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What Is a Wireless Actuator?

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  • Written By: Paul Scott
  • Edited By: E. E. Hubbard
  • Last Modified Date: 04 September 2016
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A wireless actuator is an actuation device that receives either the signal to activate or its power supply or both via a wireless link. In the case of the activation signal, the transfer method is typically radio wave based. Wireless power transfer is encountered less frequently and generally makes use of magnetic resonance or induction to power the actuator. The wireless actuator is used in a variety of automated industrial, manufacturing, and domestic applications such as assembly plant actuation, warehouse palleting, and home automation and security. Some of its benefits include enhanced mobility of automated processes due to the absence of cable runs, enhanced security, and extended remote actuation ranges.

Actuators are generally put to work in one of two ways, namely power supply switching and contact switching. In the case of power supply switched actuators, the device is switched on and off by enabling or cutting its power supply. A light duty solenoid valve is a good example of this type of actuator. The contact switching actuator generally draws its power locally, such as from the power source of the machine on which it acts, and features a integral relay or contactor that is triggered from a remote location. The power supply is constantly present, but only fed to the actuator when the contacts are closed by a signal from a remote location.

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In both cases, the actuator is activated via a cable link, which often necessitates lengthy cable runs. This has a negative effect on the mobility of some automated machinery, limits the distance the trigger station or power supply which can be from the actuator, and, in the case of security devices, poses a breach risk when cables are cut. The wireless actuator can solve most of these problems by doing away with the need for cable runs. In many situations, these systems can also enhance remote actuated systems with functionality not possible with hard-wired devices.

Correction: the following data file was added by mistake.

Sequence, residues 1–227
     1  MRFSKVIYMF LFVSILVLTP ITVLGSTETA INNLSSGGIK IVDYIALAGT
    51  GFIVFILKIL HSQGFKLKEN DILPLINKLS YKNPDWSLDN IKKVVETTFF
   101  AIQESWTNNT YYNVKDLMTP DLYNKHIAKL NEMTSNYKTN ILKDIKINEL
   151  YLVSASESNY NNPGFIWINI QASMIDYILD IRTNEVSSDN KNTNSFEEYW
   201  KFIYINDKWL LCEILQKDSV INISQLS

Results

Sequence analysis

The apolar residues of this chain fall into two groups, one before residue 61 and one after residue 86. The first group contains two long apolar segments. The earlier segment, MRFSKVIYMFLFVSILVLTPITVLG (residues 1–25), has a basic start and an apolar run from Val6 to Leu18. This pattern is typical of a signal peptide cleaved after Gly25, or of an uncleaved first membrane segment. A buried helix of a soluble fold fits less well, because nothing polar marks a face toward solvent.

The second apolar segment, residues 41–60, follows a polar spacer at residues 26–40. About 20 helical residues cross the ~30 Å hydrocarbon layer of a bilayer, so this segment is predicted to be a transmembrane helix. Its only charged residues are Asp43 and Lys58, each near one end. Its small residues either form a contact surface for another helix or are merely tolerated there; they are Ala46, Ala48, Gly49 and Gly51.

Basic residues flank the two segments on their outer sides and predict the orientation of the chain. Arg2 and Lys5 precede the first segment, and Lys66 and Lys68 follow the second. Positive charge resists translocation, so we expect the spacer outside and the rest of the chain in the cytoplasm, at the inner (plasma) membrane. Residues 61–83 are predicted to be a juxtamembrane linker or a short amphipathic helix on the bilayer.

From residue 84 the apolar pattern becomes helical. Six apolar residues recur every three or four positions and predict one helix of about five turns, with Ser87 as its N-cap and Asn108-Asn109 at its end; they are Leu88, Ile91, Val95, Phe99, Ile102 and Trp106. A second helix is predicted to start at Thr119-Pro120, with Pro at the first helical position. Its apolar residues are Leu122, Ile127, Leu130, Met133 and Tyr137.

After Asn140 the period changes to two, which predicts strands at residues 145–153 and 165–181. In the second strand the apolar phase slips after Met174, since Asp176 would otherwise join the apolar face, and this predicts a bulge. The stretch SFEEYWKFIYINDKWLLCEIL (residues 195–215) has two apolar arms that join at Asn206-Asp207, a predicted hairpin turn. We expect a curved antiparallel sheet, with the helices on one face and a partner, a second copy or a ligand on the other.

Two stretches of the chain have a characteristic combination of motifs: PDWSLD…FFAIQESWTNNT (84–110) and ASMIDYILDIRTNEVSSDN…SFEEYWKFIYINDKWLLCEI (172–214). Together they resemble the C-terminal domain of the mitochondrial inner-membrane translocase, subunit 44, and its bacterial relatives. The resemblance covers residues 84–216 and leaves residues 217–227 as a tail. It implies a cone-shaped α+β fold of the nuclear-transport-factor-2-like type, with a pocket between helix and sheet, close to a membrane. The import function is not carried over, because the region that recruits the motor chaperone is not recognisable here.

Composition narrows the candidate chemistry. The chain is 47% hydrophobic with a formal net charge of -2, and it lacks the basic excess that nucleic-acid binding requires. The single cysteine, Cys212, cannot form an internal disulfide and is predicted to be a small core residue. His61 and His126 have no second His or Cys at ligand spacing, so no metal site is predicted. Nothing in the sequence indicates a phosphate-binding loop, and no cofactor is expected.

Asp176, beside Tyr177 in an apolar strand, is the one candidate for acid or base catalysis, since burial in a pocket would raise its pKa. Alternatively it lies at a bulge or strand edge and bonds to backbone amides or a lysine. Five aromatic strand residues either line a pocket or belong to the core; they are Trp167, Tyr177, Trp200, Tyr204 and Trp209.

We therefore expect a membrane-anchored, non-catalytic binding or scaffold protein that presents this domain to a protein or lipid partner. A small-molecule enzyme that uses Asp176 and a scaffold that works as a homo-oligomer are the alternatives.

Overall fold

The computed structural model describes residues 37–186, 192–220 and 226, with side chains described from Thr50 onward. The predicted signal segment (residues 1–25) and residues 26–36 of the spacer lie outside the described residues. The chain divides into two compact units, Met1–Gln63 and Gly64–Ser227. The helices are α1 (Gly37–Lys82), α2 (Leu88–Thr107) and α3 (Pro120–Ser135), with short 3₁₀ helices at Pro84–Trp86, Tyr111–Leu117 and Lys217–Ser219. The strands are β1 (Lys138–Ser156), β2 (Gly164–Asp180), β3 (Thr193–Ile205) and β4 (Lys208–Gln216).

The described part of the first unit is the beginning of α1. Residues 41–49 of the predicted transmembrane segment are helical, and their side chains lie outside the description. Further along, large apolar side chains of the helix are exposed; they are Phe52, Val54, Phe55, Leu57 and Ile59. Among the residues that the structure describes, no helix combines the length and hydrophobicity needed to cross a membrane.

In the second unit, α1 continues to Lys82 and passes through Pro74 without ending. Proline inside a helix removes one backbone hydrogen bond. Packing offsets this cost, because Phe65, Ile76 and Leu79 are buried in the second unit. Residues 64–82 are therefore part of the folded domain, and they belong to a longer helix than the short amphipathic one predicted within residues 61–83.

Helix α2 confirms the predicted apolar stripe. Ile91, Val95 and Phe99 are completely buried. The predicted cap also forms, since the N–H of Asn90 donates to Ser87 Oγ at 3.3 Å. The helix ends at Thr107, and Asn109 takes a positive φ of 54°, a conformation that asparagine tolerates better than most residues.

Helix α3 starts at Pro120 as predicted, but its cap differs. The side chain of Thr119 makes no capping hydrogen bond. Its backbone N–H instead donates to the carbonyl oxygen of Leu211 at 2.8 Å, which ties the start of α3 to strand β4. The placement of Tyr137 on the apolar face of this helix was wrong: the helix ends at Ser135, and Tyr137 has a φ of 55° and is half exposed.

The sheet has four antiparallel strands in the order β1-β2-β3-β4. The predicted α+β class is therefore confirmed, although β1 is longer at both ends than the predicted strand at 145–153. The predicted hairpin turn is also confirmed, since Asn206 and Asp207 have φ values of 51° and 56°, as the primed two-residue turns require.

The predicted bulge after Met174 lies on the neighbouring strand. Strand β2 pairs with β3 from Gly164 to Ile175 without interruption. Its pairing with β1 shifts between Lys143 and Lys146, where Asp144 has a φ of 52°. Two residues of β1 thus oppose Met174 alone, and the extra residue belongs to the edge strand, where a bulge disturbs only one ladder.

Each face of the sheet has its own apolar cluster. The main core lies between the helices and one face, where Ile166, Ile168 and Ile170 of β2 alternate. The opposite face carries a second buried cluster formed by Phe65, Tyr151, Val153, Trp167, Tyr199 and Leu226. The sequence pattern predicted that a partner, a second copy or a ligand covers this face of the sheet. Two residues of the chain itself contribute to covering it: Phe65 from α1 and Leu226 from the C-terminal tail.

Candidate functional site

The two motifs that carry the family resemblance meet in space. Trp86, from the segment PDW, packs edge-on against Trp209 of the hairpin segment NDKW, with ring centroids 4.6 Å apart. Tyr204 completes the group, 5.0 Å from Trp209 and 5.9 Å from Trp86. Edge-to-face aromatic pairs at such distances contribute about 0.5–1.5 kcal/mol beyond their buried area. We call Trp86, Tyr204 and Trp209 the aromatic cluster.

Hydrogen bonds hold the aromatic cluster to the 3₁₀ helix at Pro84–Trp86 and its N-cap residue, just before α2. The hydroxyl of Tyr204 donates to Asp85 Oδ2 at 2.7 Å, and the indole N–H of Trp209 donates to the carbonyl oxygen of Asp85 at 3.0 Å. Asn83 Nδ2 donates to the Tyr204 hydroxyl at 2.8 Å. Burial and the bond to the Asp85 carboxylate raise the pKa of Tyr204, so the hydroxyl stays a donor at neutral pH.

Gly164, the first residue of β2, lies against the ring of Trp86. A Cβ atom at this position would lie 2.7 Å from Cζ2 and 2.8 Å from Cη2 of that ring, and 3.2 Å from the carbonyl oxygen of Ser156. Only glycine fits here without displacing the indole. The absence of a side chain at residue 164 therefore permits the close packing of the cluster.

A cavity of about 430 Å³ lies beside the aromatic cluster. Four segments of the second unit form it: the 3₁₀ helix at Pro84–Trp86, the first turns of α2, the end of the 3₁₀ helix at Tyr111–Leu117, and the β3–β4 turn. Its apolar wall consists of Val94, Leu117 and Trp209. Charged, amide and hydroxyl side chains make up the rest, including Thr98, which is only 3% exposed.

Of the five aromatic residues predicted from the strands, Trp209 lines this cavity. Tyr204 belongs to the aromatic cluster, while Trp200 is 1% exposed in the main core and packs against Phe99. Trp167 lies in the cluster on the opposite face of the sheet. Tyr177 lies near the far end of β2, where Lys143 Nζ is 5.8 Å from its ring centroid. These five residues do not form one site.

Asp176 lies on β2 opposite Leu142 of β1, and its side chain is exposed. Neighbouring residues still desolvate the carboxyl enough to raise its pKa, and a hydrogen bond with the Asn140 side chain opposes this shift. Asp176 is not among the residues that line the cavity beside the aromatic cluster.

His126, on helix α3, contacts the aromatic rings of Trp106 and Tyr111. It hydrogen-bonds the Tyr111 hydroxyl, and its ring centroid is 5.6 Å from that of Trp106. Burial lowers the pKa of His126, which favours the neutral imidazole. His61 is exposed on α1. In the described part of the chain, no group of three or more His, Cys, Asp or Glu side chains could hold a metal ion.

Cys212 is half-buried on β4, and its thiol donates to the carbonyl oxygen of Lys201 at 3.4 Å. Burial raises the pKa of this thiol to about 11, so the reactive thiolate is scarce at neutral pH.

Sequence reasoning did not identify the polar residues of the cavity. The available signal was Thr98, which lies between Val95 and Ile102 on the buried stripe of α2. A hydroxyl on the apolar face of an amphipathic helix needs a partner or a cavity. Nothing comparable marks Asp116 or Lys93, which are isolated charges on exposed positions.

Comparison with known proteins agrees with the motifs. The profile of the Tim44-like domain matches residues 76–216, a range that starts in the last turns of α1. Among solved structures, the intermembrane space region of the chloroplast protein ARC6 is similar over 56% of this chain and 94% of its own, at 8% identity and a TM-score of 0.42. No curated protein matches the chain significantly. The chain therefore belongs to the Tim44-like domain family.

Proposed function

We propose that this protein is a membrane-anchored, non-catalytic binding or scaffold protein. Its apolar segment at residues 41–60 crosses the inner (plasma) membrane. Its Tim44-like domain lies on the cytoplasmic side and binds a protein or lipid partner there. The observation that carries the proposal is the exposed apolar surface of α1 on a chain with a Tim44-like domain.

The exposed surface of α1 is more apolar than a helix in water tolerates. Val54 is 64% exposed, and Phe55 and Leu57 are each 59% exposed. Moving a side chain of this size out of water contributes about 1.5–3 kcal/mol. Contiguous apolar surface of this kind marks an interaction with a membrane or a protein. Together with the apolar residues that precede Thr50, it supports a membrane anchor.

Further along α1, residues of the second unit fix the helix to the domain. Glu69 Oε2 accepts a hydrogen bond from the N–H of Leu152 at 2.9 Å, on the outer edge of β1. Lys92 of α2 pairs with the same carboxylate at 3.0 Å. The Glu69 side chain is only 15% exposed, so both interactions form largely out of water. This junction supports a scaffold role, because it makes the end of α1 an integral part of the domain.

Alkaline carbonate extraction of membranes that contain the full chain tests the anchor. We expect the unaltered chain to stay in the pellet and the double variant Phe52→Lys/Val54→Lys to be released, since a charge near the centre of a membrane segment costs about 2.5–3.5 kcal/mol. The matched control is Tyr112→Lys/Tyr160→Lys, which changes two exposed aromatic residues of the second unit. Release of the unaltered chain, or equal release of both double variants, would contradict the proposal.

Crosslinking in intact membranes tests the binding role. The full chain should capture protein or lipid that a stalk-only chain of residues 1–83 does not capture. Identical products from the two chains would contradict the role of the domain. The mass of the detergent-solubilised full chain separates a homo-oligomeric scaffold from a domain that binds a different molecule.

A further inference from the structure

There are three types of wireless actuator — those that receive their activation signal from a wireless radio link, those that are powered via magnetic induction or resonance, and combination devices that include both features. Automated machines such as warehouse palleting systems and assembly robots can benefit significantly from the inclusion of a wireless actuator system devoid of any mobility limiting control wiring. Home automation and security systems may also be enhanced both in terms of aesthetic appeal and functionality, as a wireless actuator system can do away with unsightly cables and allow for extended activation ranges. Security systems can also be enhanced by removing the risk of having cables cut by criminals.

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